Freezing and Storing Eggs


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Eggs are the all-important female sex cell needed for assisted reproduction through IVF and ICSI. During these fertility treatments, many eggs are needed for fertilisation, and so drugs are used to stimulate and boost egg production. This technique can be used to generate eggs that can be frozen in liquid nitrogen for future use. The process remains very new and is still in a trial phase, at present only 5 live births have occurred through the use of frozen eggs.

Why would I freeze and store my eggs?

Frozen eggs can be used in fertility treatments at a later date, and are a particularly popular option for patients who are about to undergo a treatment (most often chemotherapy for cancer) that can render them infertile. They can also be used to keep a store of eggs if you are concerned about the inevitable decline in fertility that comes with age, leaving you with the option to conceive as you get older.

How are eggs frozen?

Firstly your doctor will talk to you about egg freezing, what it involves, and the potential risks. You are likely to have access to a counsellor able to give you good advice about what to do following treatment if you want it. If you give your consent for the procedure to go ahead you will first be screened for illnesses like hepatitis and HIV, and then provided with fertility drugs which stimulate egg production. You will then have your eggs collected and placed in a freezing solution before being frozen and stored in liquid nitrogen.

The written consent form is the means by which you determine what you want to be done with your eggs. You can instruct that you want your eggs to be first stored and then used in your own fertility treatments, you can decide how long you would like your eggs to be kept in storage for you, and whether you would like to donate any eggs for another’s treatments. You are entitled to change your mind about consent before eggs are used for anything you’ve given permission for you, in which case your wishes will be respected and the eggs not used.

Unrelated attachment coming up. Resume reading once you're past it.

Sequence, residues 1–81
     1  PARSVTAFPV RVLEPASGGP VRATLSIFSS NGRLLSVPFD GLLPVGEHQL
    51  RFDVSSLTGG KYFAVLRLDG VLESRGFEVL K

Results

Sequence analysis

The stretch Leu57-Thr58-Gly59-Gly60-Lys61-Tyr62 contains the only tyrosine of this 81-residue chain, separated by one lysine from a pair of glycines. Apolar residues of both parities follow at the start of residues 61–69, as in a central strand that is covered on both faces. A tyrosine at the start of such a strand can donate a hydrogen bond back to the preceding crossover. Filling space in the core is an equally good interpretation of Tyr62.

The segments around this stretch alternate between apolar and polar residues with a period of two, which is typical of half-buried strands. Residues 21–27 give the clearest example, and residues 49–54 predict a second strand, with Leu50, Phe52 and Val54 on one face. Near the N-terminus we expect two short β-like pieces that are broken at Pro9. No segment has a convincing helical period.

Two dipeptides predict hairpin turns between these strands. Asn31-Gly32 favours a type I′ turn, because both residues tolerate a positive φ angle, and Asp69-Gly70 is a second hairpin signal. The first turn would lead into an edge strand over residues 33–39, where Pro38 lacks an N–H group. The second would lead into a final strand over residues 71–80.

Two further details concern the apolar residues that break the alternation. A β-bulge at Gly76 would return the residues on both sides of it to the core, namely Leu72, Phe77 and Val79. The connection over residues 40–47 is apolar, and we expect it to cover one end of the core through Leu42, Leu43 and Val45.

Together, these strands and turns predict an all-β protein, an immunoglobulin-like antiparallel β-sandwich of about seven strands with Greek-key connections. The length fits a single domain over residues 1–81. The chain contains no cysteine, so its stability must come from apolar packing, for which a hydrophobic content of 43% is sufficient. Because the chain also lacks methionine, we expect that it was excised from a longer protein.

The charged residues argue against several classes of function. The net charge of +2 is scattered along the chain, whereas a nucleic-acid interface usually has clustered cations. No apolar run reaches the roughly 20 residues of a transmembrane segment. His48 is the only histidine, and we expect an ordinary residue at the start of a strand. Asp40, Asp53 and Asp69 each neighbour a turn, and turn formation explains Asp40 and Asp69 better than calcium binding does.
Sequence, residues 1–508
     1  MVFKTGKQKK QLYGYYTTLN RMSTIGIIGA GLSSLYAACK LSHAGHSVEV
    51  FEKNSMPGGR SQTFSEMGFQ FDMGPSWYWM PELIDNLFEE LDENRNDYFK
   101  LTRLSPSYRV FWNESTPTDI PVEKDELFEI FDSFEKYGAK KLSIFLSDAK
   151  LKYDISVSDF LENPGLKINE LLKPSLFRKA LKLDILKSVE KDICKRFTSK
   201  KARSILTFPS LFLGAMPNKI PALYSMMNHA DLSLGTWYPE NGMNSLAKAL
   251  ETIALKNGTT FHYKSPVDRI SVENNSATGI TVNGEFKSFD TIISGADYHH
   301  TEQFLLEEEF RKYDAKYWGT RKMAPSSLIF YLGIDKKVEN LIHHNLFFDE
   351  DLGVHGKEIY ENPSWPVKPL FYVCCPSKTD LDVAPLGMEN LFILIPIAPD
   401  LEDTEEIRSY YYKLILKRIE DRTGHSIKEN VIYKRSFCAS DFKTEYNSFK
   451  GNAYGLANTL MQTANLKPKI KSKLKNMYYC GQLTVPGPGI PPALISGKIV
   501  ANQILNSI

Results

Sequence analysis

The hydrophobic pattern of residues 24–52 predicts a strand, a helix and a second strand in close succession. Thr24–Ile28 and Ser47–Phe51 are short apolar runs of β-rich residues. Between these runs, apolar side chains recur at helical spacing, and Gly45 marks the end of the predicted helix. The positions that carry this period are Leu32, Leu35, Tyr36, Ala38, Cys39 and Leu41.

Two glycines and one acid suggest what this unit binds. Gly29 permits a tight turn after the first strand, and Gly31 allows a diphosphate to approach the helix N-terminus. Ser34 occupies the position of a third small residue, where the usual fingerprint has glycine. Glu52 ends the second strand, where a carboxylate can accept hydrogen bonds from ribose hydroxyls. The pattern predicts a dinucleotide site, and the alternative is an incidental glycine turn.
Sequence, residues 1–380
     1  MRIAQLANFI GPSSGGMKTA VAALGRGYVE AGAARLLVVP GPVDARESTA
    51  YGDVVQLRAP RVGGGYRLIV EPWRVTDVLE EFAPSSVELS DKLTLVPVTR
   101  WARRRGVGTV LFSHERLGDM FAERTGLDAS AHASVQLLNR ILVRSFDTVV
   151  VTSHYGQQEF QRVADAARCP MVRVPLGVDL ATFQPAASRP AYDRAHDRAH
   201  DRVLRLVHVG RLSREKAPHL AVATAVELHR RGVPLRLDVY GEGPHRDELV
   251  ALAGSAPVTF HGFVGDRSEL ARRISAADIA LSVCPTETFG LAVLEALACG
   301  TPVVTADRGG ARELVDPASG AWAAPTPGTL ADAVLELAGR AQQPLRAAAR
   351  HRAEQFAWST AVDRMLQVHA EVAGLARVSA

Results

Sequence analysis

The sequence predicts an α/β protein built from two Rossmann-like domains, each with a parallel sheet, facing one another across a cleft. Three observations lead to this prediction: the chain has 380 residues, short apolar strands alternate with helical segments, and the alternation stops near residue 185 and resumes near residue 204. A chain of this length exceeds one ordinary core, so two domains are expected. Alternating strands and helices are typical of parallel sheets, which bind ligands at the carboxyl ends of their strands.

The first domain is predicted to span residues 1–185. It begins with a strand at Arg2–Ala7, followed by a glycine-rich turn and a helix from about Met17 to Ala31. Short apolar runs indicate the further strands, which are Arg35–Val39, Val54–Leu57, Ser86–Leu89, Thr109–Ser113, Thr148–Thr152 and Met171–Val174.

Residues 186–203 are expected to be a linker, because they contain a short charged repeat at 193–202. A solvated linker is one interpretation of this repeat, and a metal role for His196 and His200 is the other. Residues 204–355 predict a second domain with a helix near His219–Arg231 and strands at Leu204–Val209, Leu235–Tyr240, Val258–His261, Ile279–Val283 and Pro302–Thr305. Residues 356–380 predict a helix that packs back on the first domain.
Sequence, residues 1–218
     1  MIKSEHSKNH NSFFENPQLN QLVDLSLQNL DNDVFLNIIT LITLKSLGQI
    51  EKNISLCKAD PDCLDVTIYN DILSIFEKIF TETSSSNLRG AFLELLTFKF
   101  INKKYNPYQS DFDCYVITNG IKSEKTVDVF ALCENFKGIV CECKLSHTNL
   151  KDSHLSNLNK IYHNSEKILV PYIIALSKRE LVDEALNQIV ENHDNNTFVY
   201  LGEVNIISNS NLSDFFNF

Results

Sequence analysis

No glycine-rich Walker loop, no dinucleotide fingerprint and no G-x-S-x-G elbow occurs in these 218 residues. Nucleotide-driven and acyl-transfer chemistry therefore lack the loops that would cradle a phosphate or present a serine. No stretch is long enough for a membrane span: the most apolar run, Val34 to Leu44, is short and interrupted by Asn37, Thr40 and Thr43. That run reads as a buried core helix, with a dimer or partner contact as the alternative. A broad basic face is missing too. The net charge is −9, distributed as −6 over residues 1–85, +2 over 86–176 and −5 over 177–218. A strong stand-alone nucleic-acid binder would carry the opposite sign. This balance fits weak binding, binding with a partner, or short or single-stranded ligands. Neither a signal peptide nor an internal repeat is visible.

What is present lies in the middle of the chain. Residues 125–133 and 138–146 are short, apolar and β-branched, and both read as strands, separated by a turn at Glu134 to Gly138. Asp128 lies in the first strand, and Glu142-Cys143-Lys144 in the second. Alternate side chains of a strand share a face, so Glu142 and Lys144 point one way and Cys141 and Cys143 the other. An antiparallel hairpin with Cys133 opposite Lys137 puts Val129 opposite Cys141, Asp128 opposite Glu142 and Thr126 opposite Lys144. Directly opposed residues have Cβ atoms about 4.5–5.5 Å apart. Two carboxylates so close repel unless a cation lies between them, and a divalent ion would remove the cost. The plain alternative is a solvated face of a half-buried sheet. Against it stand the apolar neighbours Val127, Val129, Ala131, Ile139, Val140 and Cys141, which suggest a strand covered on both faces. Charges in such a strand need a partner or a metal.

How long can frozen eggs be kept in storage for?

Eggs can be stored for as many as 10 years, and it is only in particular situations that they are stored for any longer. A discussion with your clinician is the best way to establish how long you want or can store your eggs for.

What are my chances of a live birth if I use frozen eggs?

So far only 5 live births have come about as a consequence of the use of frozen eggs, which is far from enough to be able to determine the success of the procedure overall. The technique has only been in use for under 10 years here in the UK, but so far it has been established that unlike sperm and embryos, eggs do not react well to the freezing process, resulting in a fairly low rate of success. The technique is constantly evolving however, and a recent advancements have been shown to increase success rates.

At present the figures in the UK are:

  • 6,000 eggs have been stored.
  • Of these 150 viable embryos have been formed.
  • These embryos have been used for 50 cycles of IVF.
  • So far 5 live births have come from the original 6,000 eggs.

Risks of freezing and storing eggs

The main risk that comes from this process is the healthy chance that an egg (or eggs) won’t survive freezing. Your doctor should make sure that you understand that at present, the technique has poor egg survivability, but also that the method is always evolving and will continue to do so.


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